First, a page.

Last Updated January 26: “Dune,” Cruella,” “Cyrano,” “House of Gucci,” “West Side Story,” and “Nightmare Alley” were among the high profile costume design contenders that received CDGA nominations this week. Other guild nominees included “The Green Knight,” “The Matrix Resurrections,” Marvel’s “Shang-Chi and the Legend of the Ten Rings” and “Spider-Man: No Way Home,” DC’s “The Suicide Squad,” “Coming 2 America,” “Don’t Look Up,” “In the Heights,” “No Time to Die,” and “Zola.”
In terms of the Oscar race, “Dune,” “House of Gucci,” “Cruella,” “West Side Story,” and “Nightmare Alley” look to be the favorites, with “Coming 2 America” (“Black Panther” Oscar winner Ruth Carter) and “Cyrano” (co-designed by “Little Women” and “Anna Karenina” Oscar winner Jacqueline Durran) also in strong contention.
However, the costumes of Denis Villeneuve’s “Dune” look to have the edge in this category, with its costuming garnering high marks for its imagination and scope. Designers Jacqueline West and Robert Morgan went more “modern-medieval” than traditional futuristic, referencing nomadic tribes of the desert, Greek mythology, and Goya paintings. The complex gray stillsuit of the Fremen desert dwellers from the planet Arrakis is the film’s innovative costume centerpiece, bringing to life the sophisticated and highly practical fluid recycling system that allows the Fremen to survive under harsh conditions. The functional yet stylish design is otherworldly – the gauze cloaks and capes acting as a form of camouflage, while the robes lending an aura of romance.
For director Ridley Scott’s “House of Gucci,” Oscar winner Janty Yates (“Gladiator”) recreated the iconic period of the ’80s and ’90s, wrapping it around Lady Gaga’s flamboyant Patrizia Reggiani. Yates scoured Reggiani’s archive (she was fond of Dior and Yves Saint Laurent) and found plenty to play with, including a pink evening dress that was transformed into red satin for her first meeting with Adam Driver’s Maurizio, and a much more attractive wedding dress covered in lace.
“House of Gucci”
United Artists Releasing
Meanwhile, two-time Oscar winner Jenny Beavan (“Mad Max: Fury Road,” “A Room With a View”) delivered a recycled fabric motif for dressing Emma Stone’s subversive fashion designer in “Cruella” (Disney). Beavan tapped her own youthful memories of ’70s London fashion in finding an arc for Cruella, who morphs from a rebellious child to a fashion sensation. She used ’70s, military, and fantastical inspirations. But the standout is the red dress: a deconstruction of a prestigious vintage evening gown designed by Emma Thompson’s evil baroness. The ultimate goal was to make sure that you could believe that Cruella could eventually resemble Glenn Close in the ’90s live-action reworking.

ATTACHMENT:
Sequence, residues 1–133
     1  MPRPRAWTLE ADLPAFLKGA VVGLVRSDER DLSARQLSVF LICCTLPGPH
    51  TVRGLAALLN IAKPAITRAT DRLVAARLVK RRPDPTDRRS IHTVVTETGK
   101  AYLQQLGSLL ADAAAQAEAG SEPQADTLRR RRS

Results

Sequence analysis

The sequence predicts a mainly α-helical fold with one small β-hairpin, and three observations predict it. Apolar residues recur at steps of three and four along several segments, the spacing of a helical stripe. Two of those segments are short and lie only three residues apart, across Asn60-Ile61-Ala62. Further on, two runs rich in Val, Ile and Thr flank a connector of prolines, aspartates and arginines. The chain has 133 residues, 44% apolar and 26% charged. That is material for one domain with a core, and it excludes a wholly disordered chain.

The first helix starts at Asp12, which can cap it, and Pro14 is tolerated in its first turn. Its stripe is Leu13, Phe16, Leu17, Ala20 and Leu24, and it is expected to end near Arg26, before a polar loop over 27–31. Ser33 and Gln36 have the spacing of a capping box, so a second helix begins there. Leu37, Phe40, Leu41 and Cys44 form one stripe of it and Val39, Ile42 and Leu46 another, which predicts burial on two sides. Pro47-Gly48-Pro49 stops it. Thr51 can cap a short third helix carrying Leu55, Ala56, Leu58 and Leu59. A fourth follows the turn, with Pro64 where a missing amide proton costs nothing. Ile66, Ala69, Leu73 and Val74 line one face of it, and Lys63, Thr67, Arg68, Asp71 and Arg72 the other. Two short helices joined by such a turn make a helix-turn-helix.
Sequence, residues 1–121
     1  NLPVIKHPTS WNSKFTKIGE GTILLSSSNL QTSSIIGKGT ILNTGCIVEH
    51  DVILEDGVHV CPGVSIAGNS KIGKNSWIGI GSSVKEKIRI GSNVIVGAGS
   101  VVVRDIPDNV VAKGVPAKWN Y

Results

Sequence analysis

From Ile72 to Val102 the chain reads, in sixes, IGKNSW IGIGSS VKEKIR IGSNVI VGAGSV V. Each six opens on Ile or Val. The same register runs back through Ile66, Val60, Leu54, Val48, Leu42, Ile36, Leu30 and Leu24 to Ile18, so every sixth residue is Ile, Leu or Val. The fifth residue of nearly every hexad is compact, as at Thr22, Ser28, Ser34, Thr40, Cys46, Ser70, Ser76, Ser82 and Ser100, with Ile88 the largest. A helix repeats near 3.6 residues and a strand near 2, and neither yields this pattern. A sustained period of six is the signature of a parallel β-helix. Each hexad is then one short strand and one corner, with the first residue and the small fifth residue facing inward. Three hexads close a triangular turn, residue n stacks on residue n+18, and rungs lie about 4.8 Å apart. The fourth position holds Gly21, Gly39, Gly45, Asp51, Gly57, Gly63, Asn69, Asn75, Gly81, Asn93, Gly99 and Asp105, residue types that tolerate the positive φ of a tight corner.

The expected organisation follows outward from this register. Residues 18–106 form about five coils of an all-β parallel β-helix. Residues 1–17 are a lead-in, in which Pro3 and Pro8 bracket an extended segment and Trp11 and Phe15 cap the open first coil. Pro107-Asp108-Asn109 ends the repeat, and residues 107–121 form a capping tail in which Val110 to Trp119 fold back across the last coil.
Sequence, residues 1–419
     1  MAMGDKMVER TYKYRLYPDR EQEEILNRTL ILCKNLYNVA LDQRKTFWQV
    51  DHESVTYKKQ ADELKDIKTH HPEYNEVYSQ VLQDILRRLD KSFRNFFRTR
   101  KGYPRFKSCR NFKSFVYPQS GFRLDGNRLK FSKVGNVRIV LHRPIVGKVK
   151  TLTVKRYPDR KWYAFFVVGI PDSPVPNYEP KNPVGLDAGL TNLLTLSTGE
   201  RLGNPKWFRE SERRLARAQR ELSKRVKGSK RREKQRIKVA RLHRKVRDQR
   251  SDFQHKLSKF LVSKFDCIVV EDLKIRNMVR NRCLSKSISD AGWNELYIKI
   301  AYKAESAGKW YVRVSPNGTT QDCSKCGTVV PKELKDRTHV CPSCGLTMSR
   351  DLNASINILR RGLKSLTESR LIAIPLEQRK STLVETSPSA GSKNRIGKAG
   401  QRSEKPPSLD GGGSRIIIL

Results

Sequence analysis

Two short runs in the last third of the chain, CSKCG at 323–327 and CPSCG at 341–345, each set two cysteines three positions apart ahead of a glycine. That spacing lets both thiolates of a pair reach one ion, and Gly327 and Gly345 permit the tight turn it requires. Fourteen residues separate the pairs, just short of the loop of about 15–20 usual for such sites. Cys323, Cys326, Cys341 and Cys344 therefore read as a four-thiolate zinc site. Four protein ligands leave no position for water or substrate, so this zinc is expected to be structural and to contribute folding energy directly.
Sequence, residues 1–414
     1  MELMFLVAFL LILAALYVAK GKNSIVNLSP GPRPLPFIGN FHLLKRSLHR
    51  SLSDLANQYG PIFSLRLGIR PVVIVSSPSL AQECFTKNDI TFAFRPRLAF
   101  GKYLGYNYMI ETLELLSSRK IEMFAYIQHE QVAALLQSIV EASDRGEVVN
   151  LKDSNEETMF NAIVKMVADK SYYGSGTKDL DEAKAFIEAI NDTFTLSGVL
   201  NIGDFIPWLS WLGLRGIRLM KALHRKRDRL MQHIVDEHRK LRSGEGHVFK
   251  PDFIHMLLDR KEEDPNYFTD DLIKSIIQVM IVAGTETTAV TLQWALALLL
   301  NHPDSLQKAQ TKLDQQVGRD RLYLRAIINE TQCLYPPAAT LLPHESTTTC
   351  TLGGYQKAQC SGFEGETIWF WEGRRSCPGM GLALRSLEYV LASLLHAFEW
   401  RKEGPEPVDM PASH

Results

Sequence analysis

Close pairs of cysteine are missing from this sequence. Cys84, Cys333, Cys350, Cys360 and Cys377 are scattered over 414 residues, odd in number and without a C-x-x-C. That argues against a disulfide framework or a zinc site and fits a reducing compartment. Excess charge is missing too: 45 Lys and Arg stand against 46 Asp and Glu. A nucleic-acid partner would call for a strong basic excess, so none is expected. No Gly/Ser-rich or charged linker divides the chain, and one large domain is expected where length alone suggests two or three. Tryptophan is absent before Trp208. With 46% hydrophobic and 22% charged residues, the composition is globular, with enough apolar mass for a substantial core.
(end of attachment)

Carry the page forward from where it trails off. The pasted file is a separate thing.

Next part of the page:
For Steven Spielberg’s reworking of “West Side Story” (Fox) in the late ’50s, Tony Award-winning costume designer Paul Tazewell (“Hamilton”) helped define the differences between the rival Jets and Sharks gangs through their wardrobes. The Caucasian Jets wore the popular denim jackets and jeans to look cool like Brando and Dean, while the Puerto Rican Sharks were nicer dressed with floral patterns. The Puerto Rican women were very stylish and colorful. Of course, the clothes were customized to be looser because of the dancing. But the aesthetic overall adhered to greater naturalism.
Oscar-winner Luis Sequeira (“The Shape of Water”) created a wide range of wardrobes for Guillermo del Toro’s noirish”Nightmare Alley” (Fox Searchlight) remake, but the primary focus was outfitting ruthless grifter Bradley Cooper, who journeys from the carny underworld to high society glam at the start of the 1940s. In the beginning, his tweedy old clothes don’t fit properly, but as he ascends high society as a successful mentalist, his tailored wardrobe becomes more stylish and sexy. The trick was finding cohesion for this chameleon.
Listed in alphabetical order.
“House of Gucci”
“West Side Story”
“Coming 2 America”
“In the Heights”
“No Time to Die”
“Shang-Chi and the Legend of the Ten Rings”
“The Green Knight”
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